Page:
Hurn Court Opera’s Dido and Aeneas

An outing to the handsome Romanesque-revival church in Wilton, Wiltshire for a performance of Dido and Aeneas by Hurn Court Opera provided food for thought.  Established in 2017, this Dorset-based enterprise enjoys an exciting mix of rising talent – singers mostly in their final stages of Conservatoire training – and an experienced creative team providing professional direction.  Achievements so far include critically acclaimed productions of Die Zauberflöteand Acis and Galatea, along with three competitions that have produced a wealth of talented singers, some of whom are already making their mark on the operatic stage.

Purcell’s opera is now so firmly embedded in the repertoire that each generation of directors feels impelled to bring forward new musicological research or their own interpretive ideas.  This production, directed by Joy Atkinson, focussed on the latter with a particular emphasis on choreography, courtesy of former Principal of the Royal Ballet Zenaida Janowsky. As Movement Director, she aimed to augment the emotional and expressive impact of a work already rich in dramatic intensity.  In the stylised movements of the cast, variously required to hurl white sheets to convey a raging sea or fashion a shroud, there was often too much to catch the eye.  ‘Less is more’ would have reaped dividends: there was rarely a musical passage or dance number that escaped some collaborative gesture of a hand wielding a sheet or stick.  That said, the black petals thrown like confetti at the end, hinting at the thwarted wedding between Dido and Aeneas, was an inspired stroke of imagination.

Antiquity was smartly realised by Sue Grove’s oriental black and white robes, based on traditional costumes associated with the ancient Chinese Hanfu dynasty.  This chimed in neatly with an operatic narrative based on the founding of Carthage in 814 BC and drawn from Book IV of Virgil’s Aeneid.  No less effective were the simple mast and sail rising from the church’s pulpit.  Chancel and central aisle provided performance spaces for the main cast, while the chorus largely sang from behind the audience, a position that somewhat nullified their varied role as courtiers, sailors and witches.  Occupying a side aisle were the string players, led from the harpsichord by HCO Artistic Director, Lynton Atkinson who mostly secured unanimity of ensemble with his scattered forces.

Less successful was the quality of diction from the singers whose developing voices, not lacking in substance or control, did not consistently project down the nave with necessary clarity.  An opera sung in English to an English audience should not need surtitles, but anyone unfamiliar with this portrait of love and duty may have been disappointed.  Freshness of musical expression does not compensate for indistinct enunciation.  It did not help that the opening entreaty of Natasha Page’s gleaming Belinda to Angharad Rowlands’ regal Dido was mostly lost as she sung with her back to the audience.  Rowlands’ closing lament may have lacked that special stillness required for this scene, but her velvety tone and vulnerability were both gratifying. Persistent choreography meant it was difficult to tell whether Rowlands (twice turning away from the audience) was a victim of personal or political manipulation.  Theo Perry as Aeneas was a noble suitor with a degree of vocal authority and his Act III dilemma was well handled.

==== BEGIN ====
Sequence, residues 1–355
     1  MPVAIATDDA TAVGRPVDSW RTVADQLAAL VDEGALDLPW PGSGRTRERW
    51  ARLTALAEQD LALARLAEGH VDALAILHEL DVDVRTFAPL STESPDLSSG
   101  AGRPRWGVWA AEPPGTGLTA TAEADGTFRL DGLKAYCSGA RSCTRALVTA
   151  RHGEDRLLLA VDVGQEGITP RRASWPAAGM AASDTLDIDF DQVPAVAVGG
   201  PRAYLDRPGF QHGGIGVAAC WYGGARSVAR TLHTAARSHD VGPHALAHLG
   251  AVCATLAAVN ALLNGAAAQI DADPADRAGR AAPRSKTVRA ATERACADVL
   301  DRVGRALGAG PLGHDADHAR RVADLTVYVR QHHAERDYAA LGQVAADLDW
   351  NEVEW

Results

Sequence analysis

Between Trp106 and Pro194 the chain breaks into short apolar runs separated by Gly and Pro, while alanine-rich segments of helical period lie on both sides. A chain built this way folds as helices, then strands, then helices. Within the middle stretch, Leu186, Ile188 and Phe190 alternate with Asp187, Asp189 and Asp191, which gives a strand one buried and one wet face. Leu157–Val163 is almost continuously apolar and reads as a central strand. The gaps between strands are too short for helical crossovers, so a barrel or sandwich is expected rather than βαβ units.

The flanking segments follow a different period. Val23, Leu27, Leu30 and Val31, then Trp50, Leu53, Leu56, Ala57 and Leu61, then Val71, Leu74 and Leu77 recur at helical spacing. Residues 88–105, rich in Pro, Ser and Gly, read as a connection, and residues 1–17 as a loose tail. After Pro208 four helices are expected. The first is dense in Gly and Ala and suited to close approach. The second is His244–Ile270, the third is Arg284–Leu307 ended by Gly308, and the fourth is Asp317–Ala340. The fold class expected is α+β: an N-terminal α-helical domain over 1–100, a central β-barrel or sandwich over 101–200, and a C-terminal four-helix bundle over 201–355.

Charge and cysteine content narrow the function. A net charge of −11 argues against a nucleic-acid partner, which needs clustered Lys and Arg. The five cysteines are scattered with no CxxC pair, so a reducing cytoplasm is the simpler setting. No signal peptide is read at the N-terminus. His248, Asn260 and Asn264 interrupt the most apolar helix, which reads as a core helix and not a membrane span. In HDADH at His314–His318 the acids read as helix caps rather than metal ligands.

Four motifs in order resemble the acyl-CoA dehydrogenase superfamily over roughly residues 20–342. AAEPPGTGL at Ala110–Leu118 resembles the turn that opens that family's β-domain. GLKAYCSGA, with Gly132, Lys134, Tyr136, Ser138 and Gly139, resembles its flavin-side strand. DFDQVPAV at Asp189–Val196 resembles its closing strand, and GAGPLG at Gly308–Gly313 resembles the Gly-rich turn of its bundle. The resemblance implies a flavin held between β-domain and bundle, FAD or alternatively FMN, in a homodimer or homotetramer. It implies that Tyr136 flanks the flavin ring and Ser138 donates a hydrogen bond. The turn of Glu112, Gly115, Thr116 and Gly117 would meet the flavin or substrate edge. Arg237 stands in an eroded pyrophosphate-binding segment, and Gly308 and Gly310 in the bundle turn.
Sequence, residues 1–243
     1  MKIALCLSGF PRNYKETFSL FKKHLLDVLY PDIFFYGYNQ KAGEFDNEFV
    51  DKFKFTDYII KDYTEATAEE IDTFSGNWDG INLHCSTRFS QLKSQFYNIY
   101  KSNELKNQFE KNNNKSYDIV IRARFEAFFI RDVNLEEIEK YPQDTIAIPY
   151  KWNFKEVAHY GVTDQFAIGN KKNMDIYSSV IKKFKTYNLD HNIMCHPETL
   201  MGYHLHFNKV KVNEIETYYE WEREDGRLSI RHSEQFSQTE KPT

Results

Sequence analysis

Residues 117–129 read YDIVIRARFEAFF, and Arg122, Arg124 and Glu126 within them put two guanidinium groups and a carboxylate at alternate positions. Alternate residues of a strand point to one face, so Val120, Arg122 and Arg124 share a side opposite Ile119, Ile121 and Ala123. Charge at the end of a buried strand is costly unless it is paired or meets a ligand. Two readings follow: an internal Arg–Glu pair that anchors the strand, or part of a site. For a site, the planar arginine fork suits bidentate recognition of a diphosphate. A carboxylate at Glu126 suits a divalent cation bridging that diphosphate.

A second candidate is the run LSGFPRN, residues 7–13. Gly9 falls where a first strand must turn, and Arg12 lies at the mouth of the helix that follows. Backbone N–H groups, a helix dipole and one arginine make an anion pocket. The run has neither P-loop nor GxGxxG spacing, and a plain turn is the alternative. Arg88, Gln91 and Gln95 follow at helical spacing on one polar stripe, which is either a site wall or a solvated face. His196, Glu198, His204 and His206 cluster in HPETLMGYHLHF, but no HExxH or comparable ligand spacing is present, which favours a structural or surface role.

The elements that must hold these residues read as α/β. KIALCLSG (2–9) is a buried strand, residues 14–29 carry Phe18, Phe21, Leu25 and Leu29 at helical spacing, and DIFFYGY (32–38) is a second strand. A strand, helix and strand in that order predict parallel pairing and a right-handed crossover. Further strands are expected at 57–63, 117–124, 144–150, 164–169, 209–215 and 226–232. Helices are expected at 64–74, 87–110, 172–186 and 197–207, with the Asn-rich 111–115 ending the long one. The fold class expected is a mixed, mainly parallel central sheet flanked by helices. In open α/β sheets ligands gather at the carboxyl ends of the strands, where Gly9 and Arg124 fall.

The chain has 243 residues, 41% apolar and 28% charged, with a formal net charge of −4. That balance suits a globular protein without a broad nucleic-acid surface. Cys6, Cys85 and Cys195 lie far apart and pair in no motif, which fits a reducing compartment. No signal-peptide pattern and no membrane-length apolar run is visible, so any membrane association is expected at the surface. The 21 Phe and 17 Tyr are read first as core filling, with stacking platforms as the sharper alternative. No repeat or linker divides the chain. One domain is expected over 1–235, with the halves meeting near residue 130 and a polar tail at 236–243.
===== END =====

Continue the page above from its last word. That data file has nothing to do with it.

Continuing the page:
Countertenor Hamish McLaren was an impressive Sorcerer, admirably scaling the heights of a role originally conceived for a young woman.  Supporting him were Olivia Bell and Lily Mo Browne, two well-matched witches who relished their tricky duet.  Elsewhere, Cassandra Dalby was an imperious Spirit, Eleanor Rosser-Smith a mellifluous Second Woman and James Micklethwaite (standing in for Robert Forrest) an assured Sailor.

This performance was a superb opportunity for young singers to develop their craft.  In time they will acquire clearer diction and more distinctive characterisations.  But given the disruption of Covid 19, still casting its shadow over arts activities, it is a delight that Hurn Court Opera has returned.

David Truslove

Henry Purcell: Dido and Aeneas

Dido – Angharad Rowlands, Aeneas – Theo Perry, Belinda – Natasha Page, Sorcerer – Hamish McLaren, First Witch – Olivia Bell, Second Witch – Lily Mo Browne, Second Woman – Eleanor Rosser-Smyth, Sailor – James Micklethwaite, Director – Joy Robinson, Movement Director – Zenaida Janowsky, Designer – Michael Hart, Costume Designer – Sue Grove, Musical Director – Lynton Atkinson.

Wilton Parish Church, Wiltshire; Friday 3rd September 2021.

ABOVE: Angharad Rowlands as Dido (centre) with Hurn Court Opera.